Sanger Institute - Publications 1994

Number of papers published in 1994: 2

  • A workbench for large-scale sequence homology analysis.

    Sonnhammer EL and Durbin R

    Sanger Centre, Hinxton Hall, Cambridge, UK.

    When routinely analysing very long stretches of DNA sequences produced by genome sequencing projects, detailed analysis of database search results becomes exceedingly time consuming. To reduce the tedious browsing of large quantities of protein similarities, two programs, MSPcrunch and Blixem, were developed, which assist in processing the results from the database search programs in the BLAST suite. MSPcrunch removes biased composition and redundant matches while keeping weak matches that are consistent with a larger gapped alignment. This makes BLAST searching in practice more sensitive and reduces the risk of overlooking distant similarities. Blixem is a multiple sequence alignment viewer for X-windows which makes it significantly easier to scan and evaluate the matches ratified by MSPcrunch. In Blixem, matches to the translated DNA query sequence are simultaneously aligned in three frames. Also, the distribution of matches over the whole DNA query is displayed. Examples of usage are drawn from 36 C. elegans cosmid clones totalling 1.2 megabases, to which these tools were applied.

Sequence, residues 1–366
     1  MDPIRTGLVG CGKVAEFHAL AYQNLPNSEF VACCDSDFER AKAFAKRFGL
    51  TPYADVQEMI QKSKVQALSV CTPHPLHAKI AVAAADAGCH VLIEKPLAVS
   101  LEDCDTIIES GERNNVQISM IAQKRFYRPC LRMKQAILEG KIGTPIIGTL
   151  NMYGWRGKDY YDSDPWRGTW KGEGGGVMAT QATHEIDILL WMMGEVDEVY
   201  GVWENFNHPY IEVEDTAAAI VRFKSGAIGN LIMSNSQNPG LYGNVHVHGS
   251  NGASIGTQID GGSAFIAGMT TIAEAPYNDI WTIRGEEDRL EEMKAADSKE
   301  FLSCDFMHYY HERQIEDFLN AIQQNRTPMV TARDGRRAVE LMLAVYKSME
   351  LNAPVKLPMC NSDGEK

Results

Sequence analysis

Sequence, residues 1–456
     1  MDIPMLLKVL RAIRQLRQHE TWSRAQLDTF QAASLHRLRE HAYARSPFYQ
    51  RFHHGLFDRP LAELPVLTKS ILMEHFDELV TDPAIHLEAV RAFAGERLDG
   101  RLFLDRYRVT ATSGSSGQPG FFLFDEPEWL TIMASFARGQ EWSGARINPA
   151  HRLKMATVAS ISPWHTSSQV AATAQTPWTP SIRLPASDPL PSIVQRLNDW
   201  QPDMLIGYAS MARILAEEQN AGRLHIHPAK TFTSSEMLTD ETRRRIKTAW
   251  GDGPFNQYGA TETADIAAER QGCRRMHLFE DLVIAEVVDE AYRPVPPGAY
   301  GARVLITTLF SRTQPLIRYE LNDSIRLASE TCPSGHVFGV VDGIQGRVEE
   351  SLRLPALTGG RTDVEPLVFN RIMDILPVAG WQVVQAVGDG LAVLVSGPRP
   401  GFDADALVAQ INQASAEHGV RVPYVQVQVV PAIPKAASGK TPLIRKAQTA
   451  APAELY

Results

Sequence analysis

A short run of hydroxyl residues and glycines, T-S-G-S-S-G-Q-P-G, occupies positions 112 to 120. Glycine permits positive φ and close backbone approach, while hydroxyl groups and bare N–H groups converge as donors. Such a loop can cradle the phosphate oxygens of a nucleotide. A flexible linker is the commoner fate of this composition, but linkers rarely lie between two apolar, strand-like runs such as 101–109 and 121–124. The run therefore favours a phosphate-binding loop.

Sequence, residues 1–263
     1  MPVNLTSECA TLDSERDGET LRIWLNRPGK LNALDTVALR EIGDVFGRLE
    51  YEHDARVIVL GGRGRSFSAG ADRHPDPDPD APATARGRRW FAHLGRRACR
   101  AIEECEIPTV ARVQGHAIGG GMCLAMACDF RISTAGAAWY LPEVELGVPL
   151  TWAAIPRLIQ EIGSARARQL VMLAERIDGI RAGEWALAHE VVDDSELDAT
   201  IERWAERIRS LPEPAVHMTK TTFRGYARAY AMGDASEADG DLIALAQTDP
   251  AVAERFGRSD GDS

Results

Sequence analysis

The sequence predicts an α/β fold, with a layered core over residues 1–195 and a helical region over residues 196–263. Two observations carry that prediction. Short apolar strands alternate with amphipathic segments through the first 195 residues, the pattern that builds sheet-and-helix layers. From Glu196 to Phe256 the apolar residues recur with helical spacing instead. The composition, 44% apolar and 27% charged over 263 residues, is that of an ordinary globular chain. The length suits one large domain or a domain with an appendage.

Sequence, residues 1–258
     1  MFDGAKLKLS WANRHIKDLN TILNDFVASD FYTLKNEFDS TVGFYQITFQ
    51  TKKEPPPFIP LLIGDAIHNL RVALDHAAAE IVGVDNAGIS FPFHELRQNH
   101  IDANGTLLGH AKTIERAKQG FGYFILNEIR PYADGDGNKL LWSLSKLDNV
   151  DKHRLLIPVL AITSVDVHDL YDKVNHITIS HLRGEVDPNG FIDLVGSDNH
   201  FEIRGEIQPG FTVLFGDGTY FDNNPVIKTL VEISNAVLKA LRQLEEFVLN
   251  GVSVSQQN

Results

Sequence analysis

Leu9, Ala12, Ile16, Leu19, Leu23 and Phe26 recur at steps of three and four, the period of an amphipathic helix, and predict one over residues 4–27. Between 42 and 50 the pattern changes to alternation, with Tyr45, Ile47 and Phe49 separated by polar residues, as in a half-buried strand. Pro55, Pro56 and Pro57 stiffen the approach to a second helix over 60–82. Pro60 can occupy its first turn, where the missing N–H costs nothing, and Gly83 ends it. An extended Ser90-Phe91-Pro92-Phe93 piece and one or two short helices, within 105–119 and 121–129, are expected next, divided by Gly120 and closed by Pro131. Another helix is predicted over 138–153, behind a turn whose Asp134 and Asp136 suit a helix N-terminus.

Funded by: Wellcome Trust

    Computer applications in the biosciences : CABIOS 1994;10;3;301-7

  • 2.2 Mb of contiguous nucleotide sequence from chromosome III of C. elegans.

    Wilson R, Ainscough R, Anderson K, Baynes C, Berks M, Bonfield J, Burton J, Connell M, Copsey T, Cooper J et al.

    Department of Genetics, Washington University School of Medicine, St Louis, Missouri 63110.

    As part of our effort to sequence the 100-megabase (Mb) genome of the nematode Caenorhabditis elegans, we have completed the nucleotide sequence of a contiguous 2,181,032 base pairs in the central gene cluster of chromosome III. Analysis of the finished sequence has indicated an average density of about one gene per five kilobases; comparison with the public sequence databases reveals similarities to previously known genes for about one gene in three. In addition, the genomic sequence contains several intriguing features, including putative gene duplications and a variety of other repeats with potential evolutionary implications.

    Nature 1994;368;6466;32-8

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